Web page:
Social Capital to Induce a Contribution to Environmental Collective Action in Indonesia: An Experimental Method

Date: 2014
By: Alin Halimatussadiah
Budy P. Resosudarmo
Diah Widyawati
URL: http://d.repec.org/n?u=RePEc:pas:papers:2014-03&r=net
Social capital is considered to be an important factor in economic development. It is argued that it generates a flow of (economic) benefits through collective action, by reducing free riding and increasing individual contribution. This study examines whether social capital increases individual contribution in a collective action situation. Using a classroom experiment, two games are played in a sequential manner: a trust game to measure level of trust–as a proxy for social capital–and a public goods game to measure individual contribution to collective action. In the public goods game, we apply some treatments to look at the impact of partial disclosure of a group member’s behaviour in the trust game on contributions in the public goods game. In general, the result shows that the level of social capital positively impacts individual contribution to collective action. However, we found no significant evidence to support the impact of partial disclosure of a group member’s behaviour in the trust game on contributions in the public goods game.
Keywords: Social Capital, Collective Action, Trust Game, Public Goods Game
JEL: A14 C91 C92
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Social capital dynamics and collective action: the role of subjective satisfaction

Social capital dynamics and collective action: the role of subjective satisfaction

Date: 2011-06
By: Leonardo Becchetti (Department of Economics, Universitˆ Tor Vergata)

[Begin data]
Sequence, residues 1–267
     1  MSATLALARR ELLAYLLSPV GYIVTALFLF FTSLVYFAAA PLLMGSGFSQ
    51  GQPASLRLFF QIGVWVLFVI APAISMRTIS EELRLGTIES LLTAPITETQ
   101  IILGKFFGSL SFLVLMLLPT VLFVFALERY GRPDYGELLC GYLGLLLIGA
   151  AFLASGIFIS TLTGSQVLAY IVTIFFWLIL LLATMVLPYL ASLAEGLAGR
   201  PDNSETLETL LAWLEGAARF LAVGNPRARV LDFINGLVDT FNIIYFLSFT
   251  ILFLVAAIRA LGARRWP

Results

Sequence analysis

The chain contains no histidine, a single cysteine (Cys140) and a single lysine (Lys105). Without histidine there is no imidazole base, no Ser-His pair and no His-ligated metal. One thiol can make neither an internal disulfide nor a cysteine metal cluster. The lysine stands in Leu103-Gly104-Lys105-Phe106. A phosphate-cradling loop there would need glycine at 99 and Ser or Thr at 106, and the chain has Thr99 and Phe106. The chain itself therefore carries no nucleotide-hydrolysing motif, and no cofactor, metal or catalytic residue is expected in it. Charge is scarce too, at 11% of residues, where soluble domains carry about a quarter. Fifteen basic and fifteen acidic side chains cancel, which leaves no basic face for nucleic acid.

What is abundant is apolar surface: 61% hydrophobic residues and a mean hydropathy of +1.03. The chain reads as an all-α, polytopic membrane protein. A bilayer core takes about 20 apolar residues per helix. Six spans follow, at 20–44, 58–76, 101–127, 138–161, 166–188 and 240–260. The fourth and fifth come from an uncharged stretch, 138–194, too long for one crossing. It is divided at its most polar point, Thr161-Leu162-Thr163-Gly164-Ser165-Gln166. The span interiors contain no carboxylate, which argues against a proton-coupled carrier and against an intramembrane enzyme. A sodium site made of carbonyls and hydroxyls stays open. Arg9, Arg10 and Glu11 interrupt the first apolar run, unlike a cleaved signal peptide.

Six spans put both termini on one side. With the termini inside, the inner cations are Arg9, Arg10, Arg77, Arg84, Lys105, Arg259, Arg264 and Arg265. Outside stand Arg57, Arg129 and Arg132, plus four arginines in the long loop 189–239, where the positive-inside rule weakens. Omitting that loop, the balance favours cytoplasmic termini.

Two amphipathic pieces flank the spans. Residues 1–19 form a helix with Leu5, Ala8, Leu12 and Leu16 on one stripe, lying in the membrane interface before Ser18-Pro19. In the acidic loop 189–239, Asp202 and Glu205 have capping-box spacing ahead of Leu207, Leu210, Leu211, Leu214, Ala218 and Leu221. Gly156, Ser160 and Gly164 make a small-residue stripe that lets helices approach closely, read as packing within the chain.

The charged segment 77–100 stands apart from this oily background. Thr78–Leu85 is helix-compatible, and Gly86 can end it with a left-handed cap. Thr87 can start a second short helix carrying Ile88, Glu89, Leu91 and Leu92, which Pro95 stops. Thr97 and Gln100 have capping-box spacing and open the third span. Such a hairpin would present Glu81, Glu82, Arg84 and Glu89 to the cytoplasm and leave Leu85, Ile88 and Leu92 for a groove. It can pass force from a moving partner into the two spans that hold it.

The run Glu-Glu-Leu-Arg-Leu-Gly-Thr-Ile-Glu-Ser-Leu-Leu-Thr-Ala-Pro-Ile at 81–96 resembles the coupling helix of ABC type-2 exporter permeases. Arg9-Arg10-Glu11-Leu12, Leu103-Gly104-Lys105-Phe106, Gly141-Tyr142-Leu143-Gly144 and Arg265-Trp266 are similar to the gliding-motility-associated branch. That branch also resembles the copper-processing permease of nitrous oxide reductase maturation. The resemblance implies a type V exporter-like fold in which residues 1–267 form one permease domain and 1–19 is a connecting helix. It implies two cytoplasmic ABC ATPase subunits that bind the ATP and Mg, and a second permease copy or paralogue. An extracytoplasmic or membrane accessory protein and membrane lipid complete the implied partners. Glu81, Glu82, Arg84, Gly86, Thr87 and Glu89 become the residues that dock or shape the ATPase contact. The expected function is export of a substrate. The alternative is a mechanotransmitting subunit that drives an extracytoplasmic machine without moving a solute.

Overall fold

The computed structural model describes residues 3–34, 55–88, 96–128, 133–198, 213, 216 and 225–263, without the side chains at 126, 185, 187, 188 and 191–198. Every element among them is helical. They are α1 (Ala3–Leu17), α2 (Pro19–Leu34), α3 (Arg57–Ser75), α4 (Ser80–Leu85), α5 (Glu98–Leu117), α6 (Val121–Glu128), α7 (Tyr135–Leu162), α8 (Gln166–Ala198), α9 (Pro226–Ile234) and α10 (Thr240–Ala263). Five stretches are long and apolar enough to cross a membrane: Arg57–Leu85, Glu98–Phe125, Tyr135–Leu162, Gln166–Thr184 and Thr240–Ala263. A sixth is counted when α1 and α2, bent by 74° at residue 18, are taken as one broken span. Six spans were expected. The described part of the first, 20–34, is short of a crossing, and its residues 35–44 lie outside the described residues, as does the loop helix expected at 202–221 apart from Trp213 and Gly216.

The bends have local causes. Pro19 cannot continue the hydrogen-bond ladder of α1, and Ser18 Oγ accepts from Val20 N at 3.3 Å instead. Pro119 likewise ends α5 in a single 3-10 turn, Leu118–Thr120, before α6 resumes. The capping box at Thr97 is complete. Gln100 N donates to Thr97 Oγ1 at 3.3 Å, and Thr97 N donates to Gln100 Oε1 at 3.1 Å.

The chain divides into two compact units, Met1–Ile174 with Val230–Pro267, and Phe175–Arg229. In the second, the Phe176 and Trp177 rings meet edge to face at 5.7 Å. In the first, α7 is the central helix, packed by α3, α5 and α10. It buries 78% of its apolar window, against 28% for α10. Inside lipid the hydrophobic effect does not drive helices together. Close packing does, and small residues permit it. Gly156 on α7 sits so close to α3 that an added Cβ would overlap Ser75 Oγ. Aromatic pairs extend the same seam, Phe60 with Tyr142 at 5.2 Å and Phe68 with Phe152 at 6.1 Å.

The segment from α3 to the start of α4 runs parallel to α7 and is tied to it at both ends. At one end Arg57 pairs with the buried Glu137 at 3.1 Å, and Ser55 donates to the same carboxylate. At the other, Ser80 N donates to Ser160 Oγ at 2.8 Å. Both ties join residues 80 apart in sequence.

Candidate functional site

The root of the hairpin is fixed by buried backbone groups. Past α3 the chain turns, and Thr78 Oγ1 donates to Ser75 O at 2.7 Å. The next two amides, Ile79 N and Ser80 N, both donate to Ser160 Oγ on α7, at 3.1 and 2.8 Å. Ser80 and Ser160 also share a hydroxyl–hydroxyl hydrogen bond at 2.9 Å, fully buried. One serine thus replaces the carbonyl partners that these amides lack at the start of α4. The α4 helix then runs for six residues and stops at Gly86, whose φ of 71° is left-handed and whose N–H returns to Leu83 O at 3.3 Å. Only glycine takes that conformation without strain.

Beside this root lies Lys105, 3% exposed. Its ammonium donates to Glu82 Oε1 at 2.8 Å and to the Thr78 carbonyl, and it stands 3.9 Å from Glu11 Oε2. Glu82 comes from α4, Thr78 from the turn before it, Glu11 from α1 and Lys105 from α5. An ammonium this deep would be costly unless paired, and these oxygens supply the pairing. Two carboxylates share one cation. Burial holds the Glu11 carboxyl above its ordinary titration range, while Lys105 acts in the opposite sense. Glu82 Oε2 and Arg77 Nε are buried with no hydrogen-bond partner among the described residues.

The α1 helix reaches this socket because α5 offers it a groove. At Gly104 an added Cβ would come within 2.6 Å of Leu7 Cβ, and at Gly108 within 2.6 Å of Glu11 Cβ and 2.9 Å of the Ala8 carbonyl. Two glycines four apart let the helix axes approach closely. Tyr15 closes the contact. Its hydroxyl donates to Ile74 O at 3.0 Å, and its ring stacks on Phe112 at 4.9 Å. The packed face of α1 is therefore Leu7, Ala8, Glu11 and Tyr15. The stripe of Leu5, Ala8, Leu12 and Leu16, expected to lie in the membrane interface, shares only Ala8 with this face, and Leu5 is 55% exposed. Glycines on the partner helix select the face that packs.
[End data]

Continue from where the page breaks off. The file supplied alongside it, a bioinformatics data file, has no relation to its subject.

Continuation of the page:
Stefano Castriota (Department of Economics, Universitˆ di Perugia)
Pierluigi Conzo (Università di Roma Tor Vergata & EIEF)
URL: http://d.repec.org/n?u=RePEc:ent:wpaper:wp29&r=net
In low income countries grass-root collective action is a well known substitute for government provision of public goods. In our research we wonder what is its effect on the law of motion of social capital, a crucial microeconomic determinant of economic development. To this purpose we structure a ?sandwich? experiment in which participants play a public good game (PGG) between two trust games (TG1 and TG2). Our findings show that the change in trustworthiness between the two trust game rounds generated by the PGG treatment is crucially affected by the subjective satisfaction about the PGG rather than by standard objective measures related to PGG players? behavior. These results highlight that subjective satisfaction after collective action has relevant predictive power on social capital creation providing information which can be crucial to design successful self-organized resource regimes.
Keywords: trust games, public good games, randomized experiment, social capital, subjective wellbeing
JEL: O12